Dismal Canal - straight as an arrow
Sailboat went wrong side of ICW marker
Dolphin 'blows' in ICW
Kennedy Space Centre - Shuttle Launch
The Dismal Swamp Canal
This canal is one way you can take the Intracoastal Waterway from the Chesapeake to Cape Hatteras. It is dead straight for a section of 20 miles but is bordered by lush tree growth and I found it fascinating. Saw many turtles sunning themselves on logs. It is rated for just six feet of depth and I did bounce over the odd log or whatever on the bottom.
An extraordinary place where the town council go to great lengths to welcome cruising sailors. As soon as you dock at the town docks the female of the crew is presented with a red rose (they didn't know what to do with me - I believe I got the rose anyway.) They give you maps of the city, the use of a free bicycle, and people to call if you needed any help with anything!
I had no idea what to expect in this part of the world but Charleston was quite a surprise. The architecture, the slow pace of life, and the beautiful flowers everywhere made it a very pleasant visit. Young girls were often in long dresses, boys in white suits, reminiscent of the '50s. Many really beautiful neighbourhoods, Martha Stewart would approve.
Incident on the Waterway, SC
Typical of anchoring on the ICW, a group of four sailboats had anchored on a branch of the river which was part of the ICW. At about 2:00 am I was awoken by sounds of excited voices and lights flashing. I went on deck and saw the 35' Colin Archer double-ender anchored in front of me leaning out from the bank of the river it was closest to. This couple had anchored a little too close to the bank, and perhaps underestimating the tidal drop, were now hard aground. They used their dinghy and a line to get a feel for the depths around their boat and found out there was a steep drop off on the river side of their boat. The problem was the tide still had another 5' to drop and by then their boat would be lying completely on its side.
Their concern, highlighted by the panic in their voices, was that when the tide came back the water might flood into their cockpit and leak or break their companionway hatches before the boat started to float itself. Like most long distance cruisers their boat represented the majority of their life savings and was not insured. The next few hours were spent madly trying to reinforce their hatches, plugging all holes on their deck and cockpit, and using duct tape to seal everything. Below, everything was stored so nothing would happen when the boat leaned right over, and possibly becoming semi-inverted due to the steepness of the drop-off.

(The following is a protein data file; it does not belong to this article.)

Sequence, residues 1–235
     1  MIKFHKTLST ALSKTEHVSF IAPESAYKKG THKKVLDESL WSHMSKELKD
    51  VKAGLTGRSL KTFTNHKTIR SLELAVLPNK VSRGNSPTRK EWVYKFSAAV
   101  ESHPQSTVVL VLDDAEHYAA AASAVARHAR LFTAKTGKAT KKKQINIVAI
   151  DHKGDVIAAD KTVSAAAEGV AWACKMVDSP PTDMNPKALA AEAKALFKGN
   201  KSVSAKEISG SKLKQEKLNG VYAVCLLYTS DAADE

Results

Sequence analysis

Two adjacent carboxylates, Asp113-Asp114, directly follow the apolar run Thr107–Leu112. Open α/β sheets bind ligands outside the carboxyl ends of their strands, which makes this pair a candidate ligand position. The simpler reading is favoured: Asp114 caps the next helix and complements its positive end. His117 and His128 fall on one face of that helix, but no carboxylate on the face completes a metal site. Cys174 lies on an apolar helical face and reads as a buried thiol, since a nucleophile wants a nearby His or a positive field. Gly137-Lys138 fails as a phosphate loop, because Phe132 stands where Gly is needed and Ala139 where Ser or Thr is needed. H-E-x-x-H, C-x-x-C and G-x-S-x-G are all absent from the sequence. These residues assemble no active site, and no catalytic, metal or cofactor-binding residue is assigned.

The boat did lean almost completely on its side at low tide, but amazingly floated up on the tide with the water not quite reaching the top of the cockpit coaming. Needless to say they were very relieved and everything got back to normal with no damage done.
I was in my usual Intracoastal Waterway mode gently sailing along in northern Florida with the electric autopilot engaged, reading a book. Suddenly, there was an explosion of rushing air right beside the boat! It really made me jump a mile as I had no idea what it could be.
A quick check overboard and there was a Dolphin right beside the boat diving back under. It was the first time in my life I had ever seen a Dolphin so this was pretty exciting and I soon forgot about the scare. In a few minutes several others showed up and they all cavorted around the boat for the usual 15-20 minutes before getting bored and moving on. All the rest of the trip down the ICW they would put on a show a few times a day - like everyone, I really got a thrill out of it.
Kennedy Space Centre
During hurricane season I stayed at Vero Beach, Florida, as there is good areas where you could anchor surrounded by mangroves close by. During this time I also sailed up to Cape Canaveral to watch a Shuttle launch. It is really neat doing it in a sailboat as you can anchor quite close to the launch pad. The experience is really interesting. The main difference to watching it on television is the actual sound the rocket makes - it is almost overwhelming. The 9 million pounds of thrust shook my mast so violently I really though it was in danger of breaking. There is a very powerful low frequency rumble which seemed to be in tune with my mast's natural frequency. This is not picked up at all on a television audio. The other major difference is you get a much better perspective of how the Shuttle accelerates with time. At first it lifts very slowly then rapidly gains speed. You can see the solid rocket boosters fall away with the naked eye and I thought this was really amazing. Very worthwhile to see if you get the opportunity.